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In Re Estate of Knutson

OPINION FILED MAY 5, 1980.

IN RE ESTATE OF EMIL J. KNUTSON. — (EMIL J. KNUTSON, PETITIONER-APPELLEE,

v.

JOHN BETTS, RESPONDENT-APPELLANT.)



APPEAL from the Circuit Court of La Salle County; the Hon. THOMAS R. FLOOD, Judge, presiding.

MR. PRESIDING JUSTICE STOUDER DELIVERED THE OPINION OF THE COURT:

Pursuant to petition of Emil Knutson for the assessment of attorney's fees and costs against the respondent John Betts, the circuit court of La Salle County entered judgment in favor of the petitioner and against the respondent for $2,058.75 for attorney's fees and $421.55 for costs for a total of $2,580.30. The respondent, John Betts, has appealed.

On October 6, 1978, Attorney John Betts filed a verified petition for conservatorship pursuant to the Probate Act, alleging that Emil Knutson was incompetent. Additionally the petition recited:

"2. That to the best of the Petitioner's knowledge there are no living relatives of the alleged incompetent in the State of Illinois.

4. * * * to the best of the Petitioner's knowledge, the incompetent owns no real estate in LaSalle County or Illinois."

Betts was represented by John Hardin III. In addition to the petition a physician's affidavit was filed by Betts that the alleged incompetent Knutson had been examined on October 2, 1978, by Terrance W. Love, an osteopathic physician. The affidavit was prepared by attorney Betts and notarized by his secretary. An immediate hearing was requested and the court ordered (ex parte) that the hearing be held on October 11, 1978, and also ordered notice thereof to the alleged incompetent.

On October 11, 1978, a hearing was held in the circuit court of La Salle County, at which time Betts, Hardin and Knutson were present. Stephen West was appointed guardian ad litem on the morning of October 11, but he stood mute during the proceeding. No witnesses were sworn, but Betts and Hardin made statements to the court and Knutson responded to questions by the court and by Betts and Hardin inquiring into his affairs. Knutson was 79 years of age and lived in a trailer on premises which he had homesteaded. During the course of the questioning Knutson indicated that he was able to take care of himself and that the lawyers were trying to take the property away from him and squander his money. Knutson also denied being examined by Dr. Love or any other doctor, but Betts explained this to the trial court saying that he, Betts, had taken the doctor to Knutson's premises but had not told Knutson that the person with him was a doctor.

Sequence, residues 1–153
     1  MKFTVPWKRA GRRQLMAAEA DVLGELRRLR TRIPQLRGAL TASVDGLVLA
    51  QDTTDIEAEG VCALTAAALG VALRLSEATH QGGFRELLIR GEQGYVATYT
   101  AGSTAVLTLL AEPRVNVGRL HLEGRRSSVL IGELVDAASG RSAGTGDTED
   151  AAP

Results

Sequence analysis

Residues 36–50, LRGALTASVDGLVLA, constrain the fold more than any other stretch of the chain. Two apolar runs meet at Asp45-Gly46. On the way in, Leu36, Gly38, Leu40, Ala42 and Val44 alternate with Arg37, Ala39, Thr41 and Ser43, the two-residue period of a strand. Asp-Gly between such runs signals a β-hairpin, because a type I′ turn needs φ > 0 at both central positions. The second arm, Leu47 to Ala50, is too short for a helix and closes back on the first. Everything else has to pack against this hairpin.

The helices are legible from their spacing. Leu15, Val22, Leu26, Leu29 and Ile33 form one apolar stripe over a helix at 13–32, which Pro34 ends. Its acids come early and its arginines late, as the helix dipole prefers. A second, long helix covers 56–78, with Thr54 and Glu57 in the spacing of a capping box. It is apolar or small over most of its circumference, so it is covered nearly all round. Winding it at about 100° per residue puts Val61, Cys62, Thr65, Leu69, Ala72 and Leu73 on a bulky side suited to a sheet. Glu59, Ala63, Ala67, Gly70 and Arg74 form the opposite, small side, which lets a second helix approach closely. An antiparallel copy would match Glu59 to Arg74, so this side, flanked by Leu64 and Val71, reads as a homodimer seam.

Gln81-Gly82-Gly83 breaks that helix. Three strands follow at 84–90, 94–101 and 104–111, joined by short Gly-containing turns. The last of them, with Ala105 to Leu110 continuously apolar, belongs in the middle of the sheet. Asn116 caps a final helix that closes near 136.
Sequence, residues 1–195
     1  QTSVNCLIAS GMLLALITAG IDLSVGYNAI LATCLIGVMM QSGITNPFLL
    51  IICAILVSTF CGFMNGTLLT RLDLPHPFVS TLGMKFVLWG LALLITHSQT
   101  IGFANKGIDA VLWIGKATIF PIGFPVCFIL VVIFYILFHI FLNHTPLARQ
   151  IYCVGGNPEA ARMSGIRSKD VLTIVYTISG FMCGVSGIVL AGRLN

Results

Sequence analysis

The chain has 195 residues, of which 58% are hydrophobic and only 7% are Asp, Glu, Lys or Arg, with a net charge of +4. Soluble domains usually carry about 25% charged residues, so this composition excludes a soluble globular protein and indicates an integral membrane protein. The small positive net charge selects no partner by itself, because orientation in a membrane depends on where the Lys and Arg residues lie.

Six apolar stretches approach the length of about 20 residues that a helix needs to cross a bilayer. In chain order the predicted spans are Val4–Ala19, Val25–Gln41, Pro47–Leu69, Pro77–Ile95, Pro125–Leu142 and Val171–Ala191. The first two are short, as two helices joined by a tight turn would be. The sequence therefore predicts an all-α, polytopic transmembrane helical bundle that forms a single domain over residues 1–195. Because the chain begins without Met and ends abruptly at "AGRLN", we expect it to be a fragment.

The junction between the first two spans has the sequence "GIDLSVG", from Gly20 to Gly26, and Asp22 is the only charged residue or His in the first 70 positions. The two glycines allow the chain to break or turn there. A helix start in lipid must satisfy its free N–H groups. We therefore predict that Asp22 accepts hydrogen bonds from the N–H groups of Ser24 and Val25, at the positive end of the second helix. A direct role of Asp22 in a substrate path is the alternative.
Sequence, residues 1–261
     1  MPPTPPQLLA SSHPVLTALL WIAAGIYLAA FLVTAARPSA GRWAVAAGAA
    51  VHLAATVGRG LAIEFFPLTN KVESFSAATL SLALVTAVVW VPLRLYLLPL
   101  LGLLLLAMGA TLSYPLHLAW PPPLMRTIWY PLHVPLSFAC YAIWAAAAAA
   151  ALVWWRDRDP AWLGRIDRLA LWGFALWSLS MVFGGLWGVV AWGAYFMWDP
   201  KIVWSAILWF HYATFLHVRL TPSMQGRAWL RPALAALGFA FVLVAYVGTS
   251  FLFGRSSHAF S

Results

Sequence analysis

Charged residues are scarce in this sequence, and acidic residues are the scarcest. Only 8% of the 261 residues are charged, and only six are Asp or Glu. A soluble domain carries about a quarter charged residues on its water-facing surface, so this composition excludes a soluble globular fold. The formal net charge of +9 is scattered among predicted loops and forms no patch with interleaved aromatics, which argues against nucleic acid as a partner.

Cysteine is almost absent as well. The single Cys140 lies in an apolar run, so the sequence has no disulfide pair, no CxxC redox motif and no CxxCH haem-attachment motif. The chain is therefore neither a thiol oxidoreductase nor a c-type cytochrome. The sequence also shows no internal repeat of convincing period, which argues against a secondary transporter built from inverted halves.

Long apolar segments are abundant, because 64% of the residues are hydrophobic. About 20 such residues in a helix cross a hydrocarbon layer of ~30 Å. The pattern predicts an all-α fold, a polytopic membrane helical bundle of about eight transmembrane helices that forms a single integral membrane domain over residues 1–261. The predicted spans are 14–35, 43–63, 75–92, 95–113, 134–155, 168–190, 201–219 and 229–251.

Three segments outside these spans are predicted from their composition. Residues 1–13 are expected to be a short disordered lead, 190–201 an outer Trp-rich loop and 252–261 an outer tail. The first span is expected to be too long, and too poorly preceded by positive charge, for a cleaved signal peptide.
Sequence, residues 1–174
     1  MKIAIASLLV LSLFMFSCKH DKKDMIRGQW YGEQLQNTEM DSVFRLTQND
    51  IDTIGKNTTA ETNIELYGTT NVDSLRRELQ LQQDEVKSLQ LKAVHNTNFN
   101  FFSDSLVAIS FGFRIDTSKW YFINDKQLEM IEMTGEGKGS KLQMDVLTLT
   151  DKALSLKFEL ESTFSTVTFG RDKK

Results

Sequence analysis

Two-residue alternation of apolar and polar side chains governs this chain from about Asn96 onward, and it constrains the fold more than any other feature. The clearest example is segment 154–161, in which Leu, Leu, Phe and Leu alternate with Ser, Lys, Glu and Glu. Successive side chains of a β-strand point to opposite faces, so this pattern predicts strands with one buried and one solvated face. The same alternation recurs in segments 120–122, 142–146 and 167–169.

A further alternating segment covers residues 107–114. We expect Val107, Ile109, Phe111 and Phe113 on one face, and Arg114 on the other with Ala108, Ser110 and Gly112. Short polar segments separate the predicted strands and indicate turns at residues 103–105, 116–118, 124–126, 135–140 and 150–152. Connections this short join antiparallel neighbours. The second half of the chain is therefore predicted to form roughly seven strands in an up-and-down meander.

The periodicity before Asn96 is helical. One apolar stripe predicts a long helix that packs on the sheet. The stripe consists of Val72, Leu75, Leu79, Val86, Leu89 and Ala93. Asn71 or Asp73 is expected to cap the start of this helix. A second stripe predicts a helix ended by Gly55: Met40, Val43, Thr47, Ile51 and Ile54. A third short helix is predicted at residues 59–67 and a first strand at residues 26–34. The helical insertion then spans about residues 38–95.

On October 11, 1978, Betts filed and brought to the attention of the court a report of the Health Board of Manilus Township which recited that on October 6, 1978, at 10 p.m. a hearing was held on the complaint of John Betts representing the First National Bank of Ottawa against Emil Knutson. On this appeal respondent Betts has filed an affidavit, the purport of which is to claim that the report is in error in reciting that the hearing was held at 10 p.m. on October 6 and that, on the contrary, the hearing was held on the morning of October 6. Although we deem it inappropriate to contradict the record by an affidavit filed at this late date, the report primarily deals with the condition of the premises. It also indicates that even in advance of the hearing Betts intended to commence conservatorship proceedings, and the report concludes with the observation that Knutson could use some supervision.